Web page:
While the overall trend in the graphs seems correlated, the contrast lies in the details. If you look closely, the disparities will stand out. You will notice that the prices are not bound only to supply, demand, and the price of crude oil. Crude does not entirely affect the price at the pump most of the time. Below are a few factors that interfere with that relation:
Commodity Trading: In the stock market, you have people that trade futures for commodities like oil, gold, and sugar. These future stock traders buy contracts from the commodity seller for the price that they anticipate the commodity will sell for in the future. When traders do that, they are moving the price for the gas in directions, sometimes utterly unrelated to the market oil price, because they are creating a price bubble based on pure speculations.
Taxes, Tariffs, and sanctions: While the price of oil might be low, imposing a tariff on a specific country can cause a price jump for the importing country consumers, although the oil price might be low worldwide. Another example of high prices for gas at the pump that doesn’t relate to the oil spot price can be specific taxed locations. As of July 2019, California, for example, charges $0.55 per gallon as a gas tax and an additional 23.7 percent sales tax, while Mississippi charged a $0.18 gas tax per gallon and a 9.8 percent sales tax (Stebbins, 2019). Sanctions are also another example of affecting prices at the pump. At the same time, the United States imposed sanctions on Iranian oil in 2018-2019 did not benefit the USA on the pump, the European Union benefited greatly from the U.S. sanctions by buying cheap oil from Iran.
Scarcity and Abundance: When it comes to the Oil price, there are additional factors to take into consideration. Oil price reached an all-time high of $165.20 in 2008, world oil reserves were increased year over year but would not reflect the price of $20.19 an all-time low in 2020 (Bloomberg, 2020). Since the reserves did not increase significantly and the demand is higher because the world population is increasing every year, add to that the increase in appetite for the developing nations for oil consumption due to economic expansion and growth (U.S. Energy Information Administration, 2020). The question becomes, how do abundancy and scarcity come into play in the oil situation? Since the amount of oil we have on the planet is not increasing and we don’t have discoveries of new oil fields, we conclude that the scarcity of a commodity such as oil is dependent on the other factors. Factors like politics, wars, and production come into play; therefore, in this situation, oil is abundant but can be scarce depending on several factors (Macrotrends, n.d.).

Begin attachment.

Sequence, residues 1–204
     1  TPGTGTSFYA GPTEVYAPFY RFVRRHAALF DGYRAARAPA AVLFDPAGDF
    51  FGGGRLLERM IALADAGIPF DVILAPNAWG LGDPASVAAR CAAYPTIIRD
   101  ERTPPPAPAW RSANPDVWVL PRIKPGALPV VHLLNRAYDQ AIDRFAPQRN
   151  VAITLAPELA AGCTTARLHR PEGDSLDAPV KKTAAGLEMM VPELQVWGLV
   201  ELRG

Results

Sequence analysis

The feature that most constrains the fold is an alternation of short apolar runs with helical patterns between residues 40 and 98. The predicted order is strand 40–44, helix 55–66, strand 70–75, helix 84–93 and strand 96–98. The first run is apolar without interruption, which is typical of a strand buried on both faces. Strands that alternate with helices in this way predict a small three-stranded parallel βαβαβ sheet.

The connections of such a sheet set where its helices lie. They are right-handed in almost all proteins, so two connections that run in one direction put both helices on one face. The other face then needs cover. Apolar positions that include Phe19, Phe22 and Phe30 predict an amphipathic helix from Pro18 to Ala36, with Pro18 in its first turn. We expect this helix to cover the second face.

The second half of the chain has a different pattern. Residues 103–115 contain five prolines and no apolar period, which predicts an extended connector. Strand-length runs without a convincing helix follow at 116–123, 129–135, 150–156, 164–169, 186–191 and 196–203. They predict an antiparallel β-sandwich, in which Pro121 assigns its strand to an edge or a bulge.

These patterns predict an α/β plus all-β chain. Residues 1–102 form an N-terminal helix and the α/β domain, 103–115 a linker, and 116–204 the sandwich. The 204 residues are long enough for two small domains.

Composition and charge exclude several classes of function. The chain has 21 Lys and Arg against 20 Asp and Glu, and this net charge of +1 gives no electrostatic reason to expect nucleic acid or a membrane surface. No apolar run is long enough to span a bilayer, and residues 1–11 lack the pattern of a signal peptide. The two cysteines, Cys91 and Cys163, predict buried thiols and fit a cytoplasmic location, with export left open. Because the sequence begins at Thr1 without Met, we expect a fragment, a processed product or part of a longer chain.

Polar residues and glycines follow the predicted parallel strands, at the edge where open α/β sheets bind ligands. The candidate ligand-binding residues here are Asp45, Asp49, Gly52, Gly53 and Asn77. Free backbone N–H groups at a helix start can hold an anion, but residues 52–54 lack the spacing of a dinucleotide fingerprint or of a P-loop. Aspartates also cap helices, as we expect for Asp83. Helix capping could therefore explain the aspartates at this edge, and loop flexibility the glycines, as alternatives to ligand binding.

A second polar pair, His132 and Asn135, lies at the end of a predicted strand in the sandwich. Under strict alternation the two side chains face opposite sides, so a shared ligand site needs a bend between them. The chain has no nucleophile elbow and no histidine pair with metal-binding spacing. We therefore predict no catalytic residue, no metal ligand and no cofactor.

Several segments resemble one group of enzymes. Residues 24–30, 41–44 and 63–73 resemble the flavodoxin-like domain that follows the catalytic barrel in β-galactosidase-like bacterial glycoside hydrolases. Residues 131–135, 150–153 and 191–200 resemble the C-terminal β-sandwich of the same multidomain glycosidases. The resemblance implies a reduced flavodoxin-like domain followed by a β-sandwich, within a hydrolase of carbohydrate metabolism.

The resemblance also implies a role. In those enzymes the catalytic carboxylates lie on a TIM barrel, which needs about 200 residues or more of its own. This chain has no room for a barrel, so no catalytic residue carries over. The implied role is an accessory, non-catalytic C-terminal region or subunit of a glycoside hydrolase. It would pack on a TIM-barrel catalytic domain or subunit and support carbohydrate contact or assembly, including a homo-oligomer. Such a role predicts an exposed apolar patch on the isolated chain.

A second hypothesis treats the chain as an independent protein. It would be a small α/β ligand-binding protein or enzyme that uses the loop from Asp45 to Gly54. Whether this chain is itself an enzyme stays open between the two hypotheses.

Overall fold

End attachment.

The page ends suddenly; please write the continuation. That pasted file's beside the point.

Government Regulations: Take a regulation like tax breaks for electric vehicles. This regulation can help ease the consumption of gas at the pump. This government regulation can interfere with the price of the gas relative to the price of crude oil.
Gas Additives: In the USA, gas additives can severely affect the price of gas. The number of additives can hide the initial cost of oil. For example, ethanol additives account for about 10-15% of the gas price in the U.S. (U.S. Energy Information Administration, 2019). Although this additive is incredibly cheap in the USA because it is extracted from corn, a local produce, it can be expensive somewhere else.
Currency Valuation: While oil prices might drop, a country that has shaky finances with its national currency can have its citizens end up paying more for gas at the pump, especially if the country is an oil importer (Farley, 2019).
Refining costs, retail markup, and transportation expenses: If you take Alaska as an example, While Alaska has the lowest gas tax price, the lowest sales tax across the USA, it has the 4th highest gas price. This is due to the fact that Alaska is so remote and has limited refineries (Minemyer, 2018). The increased need for transport in remote and harsh conditions makes the retail markup high compared to other states (Minemyer, 2018).
As we can notice, several factors affect the price of gas from the time it is crude oil to the time it reaches the pump. Economic, social, technological, and trade factors all come into play to regulate the price of this commodity that has made some countries flourish, and others get torn apart.
Stebbins, S. (2019, February 5). How much gas tax adds to cost of filling up your car in every state. Retrieved April 20, 2020, from https://www.usatoday.com/story/money/2019/02/05/gas-tax-state-what-costs-fill-up-your-car-across-country/38908491/
Minemyer, D. (2018, December 30). Why gas prices are so high in the Last Frontier. Retrieved April 19, 2020, from https://www.ktuu.com/content/news/Remembering-why-gas-prices-are-so-high-in-the-Last-Frontier-503690871.html
Bloomberg. (n.d.). Crude Oil & Natural Gas Prices. Retrieved April 13, 2020, from https://www.bloomberg.com/energy
U.S. Energy Information Administration. (n.d.). World Crude Oil Reserves by Year. Retrieved April 13, 2020, from https://www.indexmundi.com/energy/?product=oil&graph=reserves
Macrotrends. (n.d.). Crude Oil Prices – 70 Year Historical Chart. Retrieved April 13, 2020, from https://www.macrotrends.net/1369/crude-oil-price-history-chart
U.S. Energy Information Administration – EIA – Independent Statistics and Analysis. (2019, May 14). Retrieved April 20, 2020, from https://www.eia.gov/tools/faqs/faq.php?id=27&t=4
Farley, A. (2019, August 12). Understanding the Correlation of Oil and Currency. Retrieved April 20, 2020, from https://www.investopedia.com/articles/forex/092415/oil-currencies-understanding-their-correlation.asp